Seeing beneath the soil
There is much more to archaeology than just digging!
We have already seen some of the methods archaeologists use to interpret sites without excavation - for example, we looked at the role of aerial photography.
Archaeological geophysical survey can play a vital role in research. It has the tremendous advantage of being non-intrusive, it does not dig into sites and does not damage or destroy buried evidence. Geophysical survey comes in several forms, each of which has its own advantages and disadvantages. A wise and well-resourced archaeologist will use a combination of methods to get the best results.
We often like to refer to these methods as ‘Seeing beneath the soil’, but this is somewhat misleading. The results have to be carefully processed to reveal anomalies (elements that deviate from the broad background readings) and these in turn have to be interpreted. Computer power, appropriate software and the expertise of the archaeological geophysicist are all therefore necessary to be able to turn the raw data into something that can be used for research purposes – and even when all those are available, the impression that emerges can sometimes prove very misleading.
The three most common methods used in the study of Roman frontier landscapes are:
Newcastle MA student using RM 15 at Maryport © J. Alan Biggins Timescape Surveys
A resistivity meter detects resistance to the flow of an electric current through the soil between two or more probes. Some archaeological features will be marked by stronger or weaker resistance than the earth around them. Thus, for example, a stone wall might be characterised by strong resistance, an old waterlogged ditch, by low resistance.
2. Ground Penetrating Radar (GPR)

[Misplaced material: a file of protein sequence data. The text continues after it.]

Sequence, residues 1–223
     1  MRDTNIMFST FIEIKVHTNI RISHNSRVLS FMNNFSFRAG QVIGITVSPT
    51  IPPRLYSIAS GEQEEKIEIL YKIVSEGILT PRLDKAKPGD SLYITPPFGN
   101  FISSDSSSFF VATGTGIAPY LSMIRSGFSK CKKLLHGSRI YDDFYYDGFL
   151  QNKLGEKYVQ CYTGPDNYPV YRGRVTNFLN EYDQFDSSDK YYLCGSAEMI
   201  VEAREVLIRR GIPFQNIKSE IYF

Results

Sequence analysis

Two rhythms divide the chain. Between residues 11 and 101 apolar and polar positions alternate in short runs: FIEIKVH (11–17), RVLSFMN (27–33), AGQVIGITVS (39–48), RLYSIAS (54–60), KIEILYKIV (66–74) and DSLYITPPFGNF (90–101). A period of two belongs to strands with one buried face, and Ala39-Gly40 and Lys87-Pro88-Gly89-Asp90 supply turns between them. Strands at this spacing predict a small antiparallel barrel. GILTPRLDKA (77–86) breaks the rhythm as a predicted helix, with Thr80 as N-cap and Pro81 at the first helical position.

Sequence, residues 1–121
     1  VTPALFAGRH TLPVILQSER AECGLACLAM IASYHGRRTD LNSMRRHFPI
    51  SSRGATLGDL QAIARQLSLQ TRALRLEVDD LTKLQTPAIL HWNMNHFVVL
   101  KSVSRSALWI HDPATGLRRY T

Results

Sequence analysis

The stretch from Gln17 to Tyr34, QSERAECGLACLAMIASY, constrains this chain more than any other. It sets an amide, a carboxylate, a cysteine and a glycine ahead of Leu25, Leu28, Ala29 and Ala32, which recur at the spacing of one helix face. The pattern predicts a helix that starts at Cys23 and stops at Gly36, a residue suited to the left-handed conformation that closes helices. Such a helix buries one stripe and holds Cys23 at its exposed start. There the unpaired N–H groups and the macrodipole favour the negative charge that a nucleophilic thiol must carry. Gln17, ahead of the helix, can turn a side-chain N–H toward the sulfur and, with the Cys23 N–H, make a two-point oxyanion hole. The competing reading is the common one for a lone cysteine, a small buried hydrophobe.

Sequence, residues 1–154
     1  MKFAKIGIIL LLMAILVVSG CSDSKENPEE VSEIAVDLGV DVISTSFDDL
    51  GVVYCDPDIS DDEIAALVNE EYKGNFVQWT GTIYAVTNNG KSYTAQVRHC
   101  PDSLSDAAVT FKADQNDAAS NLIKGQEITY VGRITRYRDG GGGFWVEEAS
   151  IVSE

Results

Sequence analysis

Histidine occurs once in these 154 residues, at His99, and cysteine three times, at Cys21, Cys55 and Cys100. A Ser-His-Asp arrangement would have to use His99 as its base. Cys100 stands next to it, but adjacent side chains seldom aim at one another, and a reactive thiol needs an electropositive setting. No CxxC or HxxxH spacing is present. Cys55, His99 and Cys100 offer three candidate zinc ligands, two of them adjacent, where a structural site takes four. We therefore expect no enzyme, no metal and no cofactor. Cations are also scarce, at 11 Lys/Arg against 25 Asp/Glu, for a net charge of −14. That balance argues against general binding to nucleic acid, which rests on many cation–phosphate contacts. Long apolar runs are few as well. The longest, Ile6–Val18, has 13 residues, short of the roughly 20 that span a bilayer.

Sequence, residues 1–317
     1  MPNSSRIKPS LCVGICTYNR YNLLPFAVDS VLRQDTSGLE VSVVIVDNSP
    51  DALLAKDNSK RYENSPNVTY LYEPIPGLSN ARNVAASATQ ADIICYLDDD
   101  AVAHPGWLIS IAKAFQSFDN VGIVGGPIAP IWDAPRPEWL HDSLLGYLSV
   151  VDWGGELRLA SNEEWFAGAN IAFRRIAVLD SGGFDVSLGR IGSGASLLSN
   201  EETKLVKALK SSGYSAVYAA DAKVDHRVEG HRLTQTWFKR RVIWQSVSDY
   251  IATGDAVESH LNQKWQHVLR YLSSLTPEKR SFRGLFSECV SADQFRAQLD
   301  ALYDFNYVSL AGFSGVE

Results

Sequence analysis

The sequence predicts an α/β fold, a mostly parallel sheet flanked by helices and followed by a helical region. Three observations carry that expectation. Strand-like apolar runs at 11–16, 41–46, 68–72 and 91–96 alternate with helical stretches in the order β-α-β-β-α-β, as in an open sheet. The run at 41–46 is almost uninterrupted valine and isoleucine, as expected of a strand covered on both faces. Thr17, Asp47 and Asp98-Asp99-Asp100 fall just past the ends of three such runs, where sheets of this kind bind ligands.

Newcastle MA student using Ground Penetrating Radar at Maryport © J. Alan Biggins Timescape Surveys
GPR uses electromagnetic waves to record buried features. Radar data can be particularly useful when a 3D image of conditions beneath the ground are required. But radar operators can also process their data to provide ‘time slices’, flat plan like images of anomalies found at specified depths (the depth is calibrated from the fractional unit of time it takes the electromagnetic wave to hit a feature).
The Bartington 601-2 Magnetometer at work in the Maryport Playing Fields © J. Alan Biggins Timescape Surveys
A magnetometer can detect small changes in the magnetic field beneath its sensors. Magnetometry can be particularly good for locating burnt or fired features, but the disturbance of the soil involved in the creation of pits, ditches and other similar features can also leave detectable variations in the local magnetic field.
In the next two steps we would like you to have a look at an example of a magnetometry survey. The one we are working with is taken from work by Drs Alan Biggins and David Taylor of Timescape Surveys for the Senhouse Museum Trust.
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